Well y’all I can finally tell you guys what I’ve been working on as a Jr. Story Artist for almost a year, since I started the end of October last year. I’m working on the Sony Animated movie, The Angry Birds Movie! Yayyyyyy! Anyways, today they released the first look image of the movie featuring Chuck, Red, and Bomb, as well as the voice actors right here: 

I’m super thankful to be working with directors, Clay Kaytis and Fergal Reilly, one because they worked on animated films that inspired me to pursue animation (Clay worked on Tangled as animation supervisor and other Disney films, and Fergal worked in story on The Iron Giant and Cloudy With a Chance of Meatballs), and two they are both very cool to work with. Anyways be sure to catch the movie in summer 2016 guys! :D


NEW VIDEO The Angry Birds Review

Talking about a very corporate animated kids movie based on a smart phone app. 


This weekend the Angry Birds Movie premieres! It has been an amazing experience being the Production Designer of this film. I’ve had the honor collaborating with an extremely talented group. I want to thank John Cohen, Catherine Winder, Clay Kaytis, Fergal Riley and the rest of the team for the trust and support.

Here is a small sample of my work from the film. Stay tuned as I’ll be sharing more in-depth details of how we transformed the popular mobile game series into a spectacular world. Now go see the movie!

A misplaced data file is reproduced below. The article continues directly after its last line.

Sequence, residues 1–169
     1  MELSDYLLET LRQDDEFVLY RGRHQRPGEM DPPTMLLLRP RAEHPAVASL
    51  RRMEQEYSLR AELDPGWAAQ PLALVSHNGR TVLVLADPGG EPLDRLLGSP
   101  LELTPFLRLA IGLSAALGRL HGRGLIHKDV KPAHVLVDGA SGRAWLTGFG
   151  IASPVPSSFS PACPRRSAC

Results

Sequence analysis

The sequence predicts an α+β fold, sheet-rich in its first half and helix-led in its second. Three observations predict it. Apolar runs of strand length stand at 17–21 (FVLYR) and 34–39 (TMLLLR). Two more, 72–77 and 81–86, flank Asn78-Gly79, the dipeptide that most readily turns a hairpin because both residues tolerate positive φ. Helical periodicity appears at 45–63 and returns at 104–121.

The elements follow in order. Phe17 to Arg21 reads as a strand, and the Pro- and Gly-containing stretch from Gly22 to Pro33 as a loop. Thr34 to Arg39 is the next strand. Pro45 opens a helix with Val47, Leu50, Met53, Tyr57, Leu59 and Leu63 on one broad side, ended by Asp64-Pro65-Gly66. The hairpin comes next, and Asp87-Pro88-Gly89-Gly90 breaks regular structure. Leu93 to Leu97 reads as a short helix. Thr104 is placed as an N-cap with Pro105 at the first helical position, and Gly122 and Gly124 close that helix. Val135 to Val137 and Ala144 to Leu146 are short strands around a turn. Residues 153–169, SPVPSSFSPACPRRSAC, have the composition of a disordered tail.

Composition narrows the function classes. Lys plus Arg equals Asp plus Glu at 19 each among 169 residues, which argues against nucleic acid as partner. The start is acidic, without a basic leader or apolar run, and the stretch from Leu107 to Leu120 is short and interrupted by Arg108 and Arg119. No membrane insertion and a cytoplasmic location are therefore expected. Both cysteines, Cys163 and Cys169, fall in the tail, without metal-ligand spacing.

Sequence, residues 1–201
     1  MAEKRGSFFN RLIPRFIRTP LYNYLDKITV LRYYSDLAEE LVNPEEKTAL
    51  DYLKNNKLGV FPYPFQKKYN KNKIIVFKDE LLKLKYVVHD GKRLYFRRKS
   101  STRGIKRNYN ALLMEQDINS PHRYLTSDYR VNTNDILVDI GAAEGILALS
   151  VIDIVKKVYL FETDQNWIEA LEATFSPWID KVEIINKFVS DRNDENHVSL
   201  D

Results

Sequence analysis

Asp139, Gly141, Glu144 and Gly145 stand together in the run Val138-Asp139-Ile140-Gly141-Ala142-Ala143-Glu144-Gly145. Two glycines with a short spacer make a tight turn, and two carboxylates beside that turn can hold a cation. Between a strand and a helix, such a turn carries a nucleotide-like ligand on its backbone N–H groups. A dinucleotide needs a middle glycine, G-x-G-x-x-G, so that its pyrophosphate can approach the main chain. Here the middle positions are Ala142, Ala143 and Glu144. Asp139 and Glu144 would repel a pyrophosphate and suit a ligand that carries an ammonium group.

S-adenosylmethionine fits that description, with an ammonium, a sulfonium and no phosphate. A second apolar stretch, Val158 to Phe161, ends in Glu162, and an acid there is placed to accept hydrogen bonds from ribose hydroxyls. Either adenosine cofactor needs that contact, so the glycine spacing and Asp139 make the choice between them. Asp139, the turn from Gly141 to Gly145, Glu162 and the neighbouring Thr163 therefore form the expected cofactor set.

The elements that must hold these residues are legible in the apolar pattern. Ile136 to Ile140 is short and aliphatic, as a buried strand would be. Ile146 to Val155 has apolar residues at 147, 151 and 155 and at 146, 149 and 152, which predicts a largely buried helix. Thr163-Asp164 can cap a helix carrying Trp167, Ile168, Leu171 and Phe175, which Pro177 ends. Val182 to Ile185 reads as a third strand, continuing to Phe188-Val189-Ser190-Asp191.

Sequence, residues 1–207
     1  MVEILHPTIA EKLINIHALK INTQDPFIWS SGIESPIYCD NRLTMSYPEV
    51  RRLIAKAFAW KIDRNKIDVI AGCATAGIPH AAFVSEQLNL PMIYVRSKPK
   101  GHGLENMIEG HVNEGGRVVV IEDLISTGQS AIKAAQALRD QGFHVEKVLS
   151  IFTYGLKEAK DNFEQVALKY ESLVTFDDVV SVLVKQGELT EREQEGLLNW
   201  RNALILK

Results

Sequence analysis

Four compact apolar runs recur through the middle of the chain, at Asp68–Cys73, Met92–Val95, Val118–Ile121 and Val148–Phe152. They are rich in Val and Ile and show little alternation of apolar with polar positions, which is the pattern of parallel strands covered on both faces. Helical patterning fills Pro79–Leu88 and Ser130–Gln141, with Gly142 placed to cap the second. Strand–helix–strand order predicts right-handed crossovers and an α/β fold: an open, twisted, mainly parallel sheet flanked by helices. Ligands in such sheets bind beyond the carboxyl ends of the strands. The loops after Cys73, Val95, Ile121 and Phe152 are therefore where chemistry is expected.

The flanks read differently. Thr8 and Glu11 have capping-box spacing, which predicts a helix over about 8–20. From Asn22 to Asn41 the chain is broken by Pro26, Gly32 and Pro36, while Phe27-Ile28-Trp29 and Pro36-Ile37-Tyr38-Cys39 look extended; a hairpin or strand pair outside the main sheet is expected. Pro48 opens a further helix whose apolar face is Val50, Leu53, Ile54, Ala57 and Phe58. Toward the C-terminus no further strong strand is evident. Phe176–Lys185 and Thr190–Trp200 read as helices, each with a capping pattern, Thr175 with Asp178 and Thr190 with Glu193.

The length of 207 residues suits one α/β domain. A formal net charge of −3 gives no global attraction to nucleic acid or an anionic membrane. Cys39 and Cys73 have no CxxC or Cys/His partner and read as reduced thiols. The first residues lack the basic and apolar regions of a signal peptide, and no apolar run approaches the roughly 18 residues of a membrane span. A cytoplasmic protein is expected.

"Planning For Animation" by Clay Kaytis


Ask yourself: “What would I like to see on the screen?" 

Give people their money’s worth: "If I were paying good money to see this, what would I expect?" 

Imagine in your mind: "the ideal version of this shot” and aim for that 


It’s the relationship with the audience that makes entertainment work because: 

They have an expectation and it’s our job to give it to them in an unexpected way 

The movie Jaws (or any great movie) is an excellent example of this: 

As the audience we know there’s a shark and the expectation is obvious - the humans will win (at least we hope). Then why is it entertaining and why don’t people just walk out before it’s over when we know WHAT will happen? Because they want to see HOW it happens. That’s the part they can’t predict. That’s where we have to be creative, surprising, inventive, and original. When’s the last time you heard someone say “Oh you’ve got to see that movie, it’s so predictable!” This is how we should approach every aspect of a film - from the story, to the individual acts, to the sequence, to the scene, all the way down to the individual shot. 

Three types of reactions according to philosopher Arthur Koestler - HA! HA!, AHA!, & AAH! 

  • HA! HA! (humor) we laugh when we unexpectedly see the same thing in two frames of reference (there’s “the expected in an unexpected way” again) In it’s broadest sense - this is why jokes are funny. First frame of reference: “Last night I shot an elephant in my pajamas.” Second frame of reference: “What he was doing in my pajamas I have no idea.”